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Ladysmith Black Mambazo spreads peace, love in song

Jacquinn Williams | 3/22/2011, 9:42 p.m.
Ladysmith Black Mambazo is currently touring to promote its album, “Songs from a Zulu Farm.” They performed at Sanders Theatre last weekend. Luis Leal

The vocal stylings of South African acapella group Ladysmith Black Mambazo had the crowd howling in astonishment Sunday night at the Sanders Theatre.

Touring to promote their new album “Songs from a Zulu Farm,” Ladysmith Black Mambazo spreads peace, love and unity through song. For more than 40 years, the group has performed on stages all around the world and released more than two-dozen recordings.

 Joseph Shabalala, now 70, started the three-time Grammy Award-winning group in the 1960s. He took the name “Ladysmith” from the town he is from, “Black” is a reference to oxen and “Mambazo” is the Zulu word for axe. According to Shabalala, the group thus uses their voices to pave the way for other traditional groups.

After appearing on Paul Simon’s 1986 recording “Graceland,” the group garnered international fame. The following year Simon produced the group’s first United States album release “Shaka Zulu.” Ladysmith went on to work with Stevie Wonder, Melissa Etheridge, Dolly Parton and others. They performed in Michael Jackson’s “Moonwalker” movie, provided soundtrack material for Disney’s “The Lion King” and did a series of popular Lifesaver’s commercials in the 1990s.

Bursting onstage in African garb and red socks, Ladysmith went straight into song without fanfare. Harmonizing under the rich wooden arch, Ladysmith’s singing was disciplined and precise. Their intricate jumping, kicking and flipping had audience members clapping with delight.

Unlike American conductors who face singers or instrumentalists to direct, Shabalala — whose four sons sing in the group — faces the crowd and leads the songs with confidence. The singers crescendo and decrescendo with a slight wave of their leader’s hand; a look over the shoulder moves them to the chorus and a hop of his feet makes them refrain.

Ladysmith sang of beautiful mountains, ill-tempered chickens and butt-biting donkeys. Chants complete with whispers, growls and tongue clicks easily transported listeners to South Africa. Their sound effects made the simple themed songs organic and fun.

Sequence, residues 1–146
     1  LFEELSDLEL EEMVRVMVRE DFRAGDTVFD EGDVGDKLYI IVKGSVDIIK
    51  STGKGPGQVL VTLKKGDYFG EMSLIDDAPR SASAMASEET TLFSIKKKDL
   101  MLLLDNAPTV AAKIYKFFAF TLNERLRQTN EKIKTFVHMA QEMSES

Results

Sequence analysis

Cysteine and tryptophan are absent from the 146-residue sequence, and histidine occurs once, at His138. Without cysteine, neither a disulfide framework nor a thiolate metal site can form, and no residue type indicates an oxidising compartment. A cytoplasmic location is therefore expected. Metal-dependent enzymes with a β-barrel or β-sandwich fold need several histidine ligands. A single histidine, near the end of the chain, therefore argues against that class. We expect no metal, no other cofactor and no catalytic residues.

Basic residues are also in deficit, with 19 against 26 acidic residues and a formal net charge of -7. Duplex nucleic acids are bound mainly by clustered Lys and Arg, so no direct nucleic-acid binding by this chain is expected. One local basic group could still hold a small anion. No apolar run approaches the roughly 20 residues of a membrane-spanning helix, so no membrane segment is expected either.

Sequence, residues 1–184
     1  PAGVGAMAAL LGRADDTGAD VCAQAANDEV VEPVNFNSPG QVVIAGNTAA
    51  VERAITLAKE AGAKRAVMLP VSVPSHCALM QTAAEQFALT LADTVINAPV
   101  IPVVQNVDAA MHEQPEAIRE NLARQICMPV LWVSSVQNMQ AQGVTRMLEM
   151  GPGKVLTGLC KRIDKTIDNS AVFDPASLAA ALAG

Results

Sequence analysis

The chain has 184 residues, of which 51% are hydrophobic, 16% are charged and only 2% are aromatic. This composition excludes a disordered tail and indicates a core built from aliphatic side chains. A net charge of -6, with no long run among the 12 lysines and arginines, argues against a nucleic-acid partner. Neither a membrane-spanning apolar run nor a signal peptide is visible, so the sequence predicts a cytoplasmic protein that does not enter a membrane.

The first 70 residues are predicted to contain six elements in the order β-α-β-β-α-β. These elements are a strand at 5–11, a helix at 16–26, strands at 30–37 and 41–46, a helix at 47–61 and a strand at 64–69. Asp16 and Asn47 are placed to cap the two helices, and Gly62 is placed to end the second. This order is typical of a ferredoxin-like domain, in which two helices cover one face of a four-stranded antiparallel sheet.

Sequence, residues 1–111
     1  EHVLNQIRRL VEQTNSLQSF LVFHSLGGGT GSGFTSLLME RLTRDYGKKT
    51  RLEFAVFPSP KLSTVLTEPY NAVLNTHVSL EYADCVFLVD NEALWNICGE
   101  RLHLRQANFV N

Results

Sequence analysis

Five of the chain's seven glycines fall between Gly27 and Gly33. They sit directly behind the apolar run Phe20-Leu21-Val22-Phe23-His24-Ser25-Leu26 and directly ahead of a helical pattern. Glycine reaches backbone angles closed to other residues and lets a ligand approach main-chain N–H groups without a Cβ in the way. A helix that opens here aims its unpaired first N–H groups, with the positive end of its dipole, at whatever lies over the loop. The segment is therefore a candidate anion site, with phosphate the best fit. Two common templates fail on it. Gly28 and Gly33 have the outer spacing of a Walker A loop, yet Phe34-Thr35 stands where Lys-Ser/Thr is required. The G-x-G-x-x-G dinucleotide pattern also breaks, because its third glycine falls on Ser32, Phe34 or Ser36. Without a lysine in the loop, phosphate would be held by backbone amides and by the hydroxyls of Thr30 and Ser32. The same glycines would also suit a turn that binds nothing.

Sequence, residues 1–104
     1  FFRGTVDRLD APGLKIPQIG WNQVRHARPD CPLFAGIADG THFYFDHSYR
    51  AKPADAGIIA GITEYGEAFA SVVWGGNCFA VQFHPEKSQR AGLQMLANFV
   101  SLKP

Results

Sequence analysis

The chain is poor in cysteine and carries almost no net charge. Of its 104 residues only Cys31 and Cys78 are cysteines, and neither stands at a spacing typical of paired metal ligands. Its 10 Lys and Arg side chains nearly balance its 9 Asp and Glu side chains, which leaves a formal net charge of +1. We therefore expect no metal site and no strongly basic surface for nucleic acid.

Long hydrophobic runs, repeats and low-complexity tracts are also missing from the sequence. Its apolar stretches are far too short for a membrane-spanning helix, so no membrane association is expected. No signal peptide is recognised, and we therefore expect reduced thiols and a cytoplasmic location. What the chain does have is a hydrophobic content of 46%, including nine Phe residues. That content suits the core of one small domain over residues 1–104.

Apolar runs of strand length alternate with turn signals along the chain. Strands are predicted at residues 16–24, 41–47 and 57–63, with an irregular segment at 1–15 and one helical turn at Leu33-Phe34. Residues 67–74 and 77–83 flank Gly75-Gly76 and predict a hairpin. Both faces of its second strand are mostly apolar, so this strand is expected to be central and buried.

A couple of days before the show, the Banner got a chance to chat with tenor Albert Mazibuko about how being a member of Ladysmith Black Mambazo has affected South Africa and changed his life.

“Isicathamiya” (is-cot-a-ME-Ya) seems a lot like Negro Spirituals, which African Americans developed as a result of slavery.  What are your thoughts?

I think it’s very close to that situation. People sang while they were away from home working in the mines to comfort themselves. But when Zulu people sing and entertain we end up dancing. But that’s when the problems started. The stomping would wake up the guards (at the railroad sites) so they started to tip toe. Soon they were called the tiptoe guys. Isicathamiya.

Who does the writing and arranging of the music?

Most of the writing is done by Joseph Shabalala, but the group gets lots of input.  He will bring us a song and we will discuss it.

Why do you think such spiritual music has been successful in such a seemingly secular world?

I think it’s because every human being has a spiritual part in their lives. Gospel music is popular everywhere because it is the only music that touches lives and connects people.

How has touring with the group changed your life?

It changes my life daily. It is a gift. I cherish it. I also learned how to speak English. Traveling, meeting new people and listening to American music helped me learn. The music [of a people] will teach you about the language. Music is universal.

What has the success of Ladysmith Black Mambazo done for South Africa?

When we met Nelson Mandela, he told us that we were an inspiration. People have told us that our singing uplifts them and makes them stronger. Hopefully, that’s true in South Africa and all around the world.